Since part of the pleasure of "My Family" is to be astonished by the soap opera plot twists the script never fails to come up with, it need only be said that everything from macho turf rivalries to heroic river-crossings to the always malevolent shadow of * La Migra , the immigration police, gets touched on here in Nava's casually mythologizing style.
One of the reasons "My Family" is successful is that the simple concept of focusing on the real family, not the substitute gang family that many previous Latino films have latched onto, is a surprisingly effective one. And both the script and direction have taken care to give the film's characters what they themselves would consider essential: simple dignity.
Though many elements, including a sonorous music and an eye-opening pastel-themed visual scheme, help "My Family," its biggest asset is its bilingual cast, which brings so much belief to their parts that it rubs off and helps convince us these people really are a family.
This conviction also adds more dimension to the characters than is necessarily on the page. Morales is appropriately passionate as the unbending Chucho, and Smits as the smoldering, exasperated loner Jimmy finally gives the kind of movie star performance that has been expected of him for years, personally invigorating the entire second half of the film.
And among the actresses, mention should be made of newcomer Constance Marie as the surprising Toni, and especially Elpidia Carrillo, whose quiet performance as the Salvadoran immigrant Isabel is in some ways the emotional heart of the picture.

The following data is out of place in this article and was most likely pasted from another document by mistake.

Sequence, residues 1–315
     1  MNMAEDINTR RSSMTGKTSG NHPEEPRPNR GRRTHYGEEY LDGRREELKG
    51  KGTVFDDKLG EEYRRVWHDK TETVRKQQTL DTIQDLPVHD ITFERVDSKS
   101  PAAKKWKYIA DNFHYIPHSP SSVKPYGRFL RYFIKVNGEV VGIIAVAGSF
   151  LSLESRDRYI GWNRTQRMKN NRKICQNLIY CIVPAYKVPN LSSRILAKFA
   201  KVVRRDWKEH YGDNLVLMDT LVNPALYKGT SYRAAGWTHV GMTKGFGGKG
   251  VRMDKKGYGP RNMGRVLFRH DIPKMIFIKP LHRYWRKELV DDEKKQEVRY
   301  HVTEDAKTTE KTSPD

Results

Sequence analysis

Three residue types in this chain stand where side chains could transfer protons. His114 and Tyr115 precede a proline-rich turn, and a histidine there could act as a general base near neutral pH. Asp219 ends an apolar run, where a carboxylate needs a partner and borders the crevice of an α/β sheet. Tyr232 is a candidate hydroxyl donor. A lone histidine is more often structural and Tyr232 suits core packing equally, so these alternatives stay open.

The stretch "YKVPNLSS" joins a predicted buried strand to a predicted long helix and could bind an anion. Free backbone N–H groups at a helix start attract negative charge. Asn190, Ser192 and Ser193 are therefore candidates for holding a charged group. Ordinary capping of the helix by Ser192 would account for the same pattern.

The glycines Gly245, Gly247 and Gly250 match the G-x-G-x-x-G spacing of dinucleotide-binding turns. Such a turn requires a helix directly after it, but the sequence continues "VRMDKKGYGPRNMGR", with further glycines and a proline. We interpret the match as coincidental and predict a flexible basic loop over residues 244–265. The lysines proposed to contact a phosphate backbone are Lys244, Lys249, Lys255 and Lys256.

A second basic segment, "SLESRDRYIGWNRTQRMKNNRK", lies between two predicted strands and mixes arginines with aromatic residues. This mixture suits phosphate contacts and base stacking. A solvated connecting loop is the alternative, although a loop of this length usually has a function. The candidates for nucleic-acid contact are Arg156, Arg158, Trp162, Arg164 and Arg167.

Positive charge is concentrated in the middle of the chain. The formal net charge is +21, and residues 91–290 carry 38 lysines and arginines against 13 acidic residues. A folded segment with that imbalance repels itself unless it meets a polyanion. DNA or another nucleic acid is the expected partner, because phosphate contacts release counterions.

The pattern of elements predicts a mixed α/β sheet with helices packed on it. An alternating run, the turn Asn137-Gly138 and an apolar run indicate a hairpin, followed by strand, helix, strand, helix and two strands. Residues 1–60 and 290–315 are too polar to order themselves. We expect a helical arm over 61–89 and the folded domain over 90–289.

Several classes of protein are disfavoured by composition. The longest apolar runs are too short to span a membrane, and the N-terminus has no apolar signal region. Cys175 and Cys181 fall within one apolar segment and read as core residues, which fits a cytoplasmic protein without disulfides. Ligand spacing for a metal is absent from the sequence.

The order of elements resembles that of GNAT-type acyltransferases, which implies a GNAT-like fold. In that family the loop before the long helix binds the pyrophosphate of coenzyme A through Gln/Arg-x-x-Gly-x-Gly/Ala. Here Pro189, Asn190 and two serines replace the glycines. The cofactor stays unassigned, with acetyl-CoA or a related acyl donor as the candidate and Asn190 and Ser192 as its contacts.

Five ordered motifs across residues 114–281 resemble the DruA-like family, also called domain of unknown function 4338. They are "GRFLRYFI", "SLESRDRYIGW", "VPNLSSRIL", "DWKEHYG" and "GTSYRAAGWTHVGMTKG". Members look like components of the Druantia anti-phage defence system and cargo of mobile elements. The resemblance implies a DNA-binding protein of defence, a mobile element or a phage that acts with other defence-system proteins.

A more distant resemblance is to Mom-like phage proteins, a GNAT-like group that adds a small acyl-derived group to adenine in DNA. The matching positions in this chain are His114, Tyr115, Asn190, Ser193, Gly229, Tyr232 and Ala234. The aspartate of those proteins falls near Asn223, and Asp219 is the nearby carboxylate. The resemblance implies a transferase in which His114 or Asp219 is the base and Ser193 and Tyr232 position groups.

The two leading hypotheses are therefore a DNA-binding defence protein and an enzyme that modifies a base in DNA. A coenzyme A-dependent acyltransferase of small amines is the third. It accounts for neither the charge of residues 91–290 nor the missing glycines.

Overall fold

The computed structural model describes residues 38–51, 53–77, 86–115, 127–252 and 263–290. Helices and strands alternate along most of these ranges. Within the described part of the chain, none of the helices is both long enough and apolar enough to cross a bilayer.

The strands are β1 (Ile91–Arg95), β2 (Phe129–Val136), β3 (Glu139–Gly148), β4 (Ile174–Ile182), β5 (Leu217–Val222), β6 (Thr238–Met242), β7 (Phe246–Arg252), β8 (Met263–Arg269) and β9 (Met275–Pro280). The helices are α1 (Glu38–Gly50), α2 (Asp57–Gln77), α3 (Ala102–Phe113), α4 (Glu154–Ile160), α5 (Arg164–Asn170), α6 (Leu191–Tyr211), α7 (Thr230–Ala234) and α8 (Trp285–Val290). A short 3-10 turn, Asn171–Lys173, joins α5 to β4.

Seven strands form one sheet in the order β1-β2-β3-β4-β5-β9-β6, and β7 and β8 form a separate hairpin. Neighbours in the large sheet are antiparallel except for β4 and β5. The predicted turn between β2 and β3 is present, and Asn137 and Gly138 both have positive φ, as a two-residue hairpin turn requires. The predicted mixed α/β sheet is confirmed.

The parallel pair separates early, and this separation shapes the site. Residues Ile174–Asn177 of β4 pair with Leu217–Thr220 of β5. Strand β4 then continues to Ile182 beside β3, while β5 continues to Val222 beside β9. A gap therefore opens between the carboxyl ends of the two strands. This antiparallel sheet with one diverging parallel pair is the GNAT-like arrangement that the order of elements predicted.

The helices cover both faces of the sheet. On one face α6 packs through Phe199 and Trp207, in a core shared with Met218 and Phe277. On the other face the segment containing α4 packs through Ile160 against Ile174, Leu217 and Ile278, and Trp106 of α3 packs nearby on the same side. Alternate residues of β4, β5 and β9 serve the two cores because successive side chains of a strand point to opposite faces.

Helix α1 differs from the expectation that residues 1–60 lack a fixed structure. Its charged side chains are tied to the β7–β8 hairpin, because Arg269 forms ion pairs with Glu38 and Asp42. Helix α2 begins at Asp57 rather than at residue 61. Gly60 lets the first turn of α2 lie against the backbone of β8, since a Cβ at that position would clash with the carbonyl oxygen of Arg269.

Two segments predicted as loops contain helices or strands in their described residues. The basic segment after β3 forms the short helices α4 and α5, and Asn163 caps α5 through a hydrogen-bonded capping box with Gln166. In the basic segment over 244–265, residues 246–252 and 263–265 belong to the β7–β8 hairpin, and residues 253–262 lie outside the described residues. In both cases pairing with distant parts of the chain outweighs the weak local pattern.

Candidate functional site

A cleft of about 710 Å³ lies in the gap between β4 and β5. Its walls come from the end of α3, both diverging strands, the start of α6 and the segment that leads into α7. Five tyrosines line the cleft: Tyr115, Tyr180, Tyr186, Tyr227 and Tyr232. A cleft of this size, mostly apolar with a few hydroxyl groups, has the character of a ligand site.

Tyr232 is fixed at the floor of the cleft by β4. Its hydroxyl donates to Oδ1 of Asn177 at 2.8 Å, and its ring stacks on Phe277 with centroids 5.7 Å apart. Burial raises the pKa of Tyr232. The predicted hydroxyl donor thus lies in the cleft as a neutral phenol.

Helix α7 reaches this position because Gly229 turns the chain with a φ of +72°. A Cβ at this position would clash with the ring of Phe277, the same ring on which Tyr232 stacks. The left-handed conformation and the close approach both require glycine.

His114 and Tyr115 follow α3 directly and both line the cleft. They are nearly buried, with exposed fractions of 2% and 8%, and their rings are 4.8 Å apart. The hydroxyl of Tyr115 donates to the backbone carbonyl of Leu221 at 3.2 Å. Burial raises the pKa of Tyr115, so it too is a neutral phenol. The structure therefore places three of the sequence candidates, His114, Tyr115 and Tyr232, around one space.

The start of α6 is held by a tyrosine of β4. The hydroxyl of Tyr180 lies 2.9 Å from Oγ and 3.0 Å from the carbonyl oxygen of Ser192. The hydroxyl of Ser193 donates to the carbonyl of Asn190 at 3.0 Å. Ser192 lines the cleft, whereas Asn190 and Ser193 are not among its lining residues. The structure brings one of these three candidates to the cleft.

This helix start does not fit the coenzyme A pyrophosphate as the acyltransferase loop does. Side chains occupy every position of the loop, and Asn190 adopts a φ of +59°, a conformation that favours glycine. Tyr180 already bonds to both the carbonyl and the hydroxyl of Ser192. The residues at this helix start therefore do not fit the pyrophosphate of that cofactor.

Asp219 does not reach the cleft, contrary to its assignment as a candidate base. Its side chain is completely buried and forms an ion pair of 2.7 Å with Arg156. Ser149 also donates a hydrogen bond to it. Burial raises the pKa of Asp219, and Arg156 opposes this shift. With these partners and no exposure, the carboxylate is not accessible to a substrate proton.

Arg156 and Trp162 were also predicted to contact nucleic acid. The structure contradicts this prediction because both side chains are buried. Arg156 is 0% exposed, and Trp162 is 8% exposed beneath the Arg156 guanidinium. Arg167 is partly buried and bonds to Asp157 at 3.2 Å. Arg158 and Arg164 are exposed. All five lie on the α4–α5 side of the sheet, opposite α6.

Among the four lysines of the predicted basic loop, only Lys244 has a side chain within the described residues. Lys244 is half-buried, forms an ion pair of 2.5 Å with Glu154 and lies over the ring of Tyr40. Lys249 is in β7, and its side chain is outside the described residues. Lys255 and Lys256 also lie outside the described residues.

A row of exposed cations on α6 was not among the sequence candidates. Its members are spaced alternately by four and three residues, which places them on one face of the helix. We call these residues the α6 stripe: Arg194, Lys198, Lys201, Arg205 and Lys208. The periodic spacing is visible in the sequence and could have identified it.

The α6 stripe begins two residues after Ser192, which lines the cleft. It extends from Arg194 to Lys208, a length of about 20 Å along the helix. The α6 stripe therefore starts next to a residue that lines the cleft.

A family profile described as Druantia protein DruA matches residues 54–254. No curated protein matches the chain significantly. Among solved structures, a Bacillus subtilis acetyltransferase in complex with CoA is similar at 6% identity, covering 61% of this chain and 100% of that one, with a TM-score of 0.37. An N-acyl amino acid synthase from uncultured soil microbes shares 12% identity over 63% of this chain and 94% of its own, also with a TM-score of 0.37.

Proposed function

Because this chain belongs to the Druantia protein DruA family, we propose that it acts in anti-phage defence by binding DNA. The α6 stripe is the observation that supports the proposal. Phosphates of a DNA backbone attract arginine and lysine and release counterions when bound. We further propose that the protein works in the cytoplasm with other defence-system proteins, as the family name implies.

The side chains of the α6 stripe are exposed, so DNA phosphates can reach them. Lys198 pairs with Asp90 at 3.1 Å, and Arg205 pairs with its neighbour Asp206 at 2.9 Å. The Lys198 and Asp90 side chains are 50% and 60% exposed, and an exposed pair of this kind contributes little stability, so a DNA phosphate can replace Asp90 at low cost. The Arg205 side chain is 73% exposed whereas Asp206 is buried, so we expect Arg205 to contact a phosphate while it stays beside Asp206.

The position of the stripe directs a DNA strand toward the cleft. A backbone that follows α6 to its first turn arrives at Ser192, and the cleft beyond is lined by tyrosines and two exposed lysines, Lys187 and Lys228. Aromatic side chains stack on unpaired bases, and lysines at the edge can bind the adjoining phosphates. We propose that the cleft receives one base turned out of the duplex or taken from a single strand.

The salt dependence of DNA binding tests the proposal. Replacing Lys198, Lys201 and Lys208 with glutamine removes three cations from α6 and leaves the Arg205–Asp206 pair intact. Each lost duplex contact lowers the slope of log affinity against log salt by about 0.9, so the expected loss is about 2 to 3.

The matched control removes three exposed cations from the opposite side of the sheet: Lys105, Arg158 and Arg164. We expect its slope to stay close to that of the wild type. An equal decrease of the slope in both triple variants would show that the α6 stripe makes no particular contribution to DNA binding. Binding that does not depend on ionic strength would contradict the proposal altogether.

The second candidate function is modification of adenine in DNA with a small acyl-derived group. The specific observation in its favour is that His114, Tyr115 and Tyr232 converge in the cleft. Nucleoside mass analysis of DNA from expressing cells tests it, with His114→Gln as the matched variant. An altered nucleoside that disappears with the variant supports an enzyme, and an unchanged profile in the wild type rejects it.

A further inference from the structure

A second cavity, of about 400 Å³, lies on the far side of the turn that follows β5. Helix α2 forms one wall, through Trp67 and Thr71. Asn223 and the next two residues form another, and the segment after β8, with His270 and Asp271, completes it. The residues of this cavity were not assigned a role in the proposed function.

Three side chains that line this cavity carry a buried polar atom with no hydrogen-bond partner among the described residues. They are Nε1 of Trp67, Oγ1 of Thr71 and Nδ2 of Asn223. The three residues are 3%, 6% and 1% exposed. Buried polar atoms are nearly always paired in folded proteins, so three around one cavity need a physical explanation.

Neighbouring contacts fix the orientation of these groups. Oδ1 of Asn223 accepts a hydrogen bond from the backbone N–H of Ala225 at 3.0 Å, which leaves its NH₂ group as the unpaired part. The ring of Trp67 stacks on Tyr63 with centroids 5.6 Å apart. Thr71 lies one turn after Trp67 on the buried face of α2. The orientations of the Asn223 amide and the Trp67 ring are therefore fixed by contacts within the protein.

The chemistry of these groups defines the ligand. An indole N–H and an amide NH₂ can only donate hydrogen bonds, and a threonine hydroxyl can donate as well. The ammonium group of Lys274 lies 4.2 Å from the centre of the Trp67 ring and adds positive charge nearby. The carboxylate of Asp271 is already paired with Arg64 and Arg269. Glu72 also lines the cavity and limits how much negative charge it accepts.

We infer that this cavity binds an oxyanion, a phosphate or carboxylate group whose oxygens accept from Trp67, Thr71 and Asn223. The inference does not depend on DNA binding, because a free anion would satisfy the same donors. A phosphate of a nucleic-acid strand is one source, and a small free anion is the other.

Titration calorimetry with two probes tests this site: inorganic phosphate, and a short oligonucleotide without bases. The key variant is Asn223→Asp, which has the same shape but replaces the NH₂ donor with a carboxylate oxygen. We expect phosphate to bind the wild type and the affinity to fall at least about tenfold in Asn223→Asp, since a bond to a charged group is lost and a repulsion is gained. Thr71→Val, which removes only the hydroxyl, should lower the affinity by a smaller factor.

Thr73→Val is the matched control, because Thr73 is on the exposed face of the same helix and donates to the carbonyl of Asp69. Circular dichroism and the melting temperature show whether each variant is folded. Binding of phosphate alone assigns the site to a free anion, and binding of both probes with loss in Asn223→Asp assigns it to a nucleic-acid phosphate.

As with any film that walks this close to the edge of bathos, there are moments when "My Family" stumbles and even falls. But most viewers will prefer to focus on the parts that feel effortlessly successful, like a memorable sequence when two people are observed falling in love while dancing to the music of a car radio. For times like that, almost anything can be forgiven.
My Family, 1995. R, for strong language, some graphic violence and a scene of sexuality. Francis Ford Coppola presents, in association with Majestic Films and American Playhouse Theatrical Films, an American Zoetrope-Anna Thomas-Newcomm production, released by New Line Cinema. Director Gregory Nava. Producer Anna Thomas. Executive producers Francis Ford Coppola, Guy East, Tom Luddy. Screenplay by Gregory Nava & Anna Thomas. Cinematographer Edward Lachman. Editor Nancy Richardson. Costumes Tracy Tynan. Music Mark McKenzie. Production design Barry Robison. Design consultant Patssi Valdez. Art director Troy Myers. Set decorator Suzette Sheets. Running time: 2 hours, 10 minutes. Jimmy Smits as Jimmy. Esai Morales as Chucho. Eduardo Lopez Rojas as Jose. Jenny Gago as Maria. Elpidia Carrillo as Isabel. Constance Marie as Toni. Edward James Olmos as Paco.Copyright © 2014, Los Angeles Times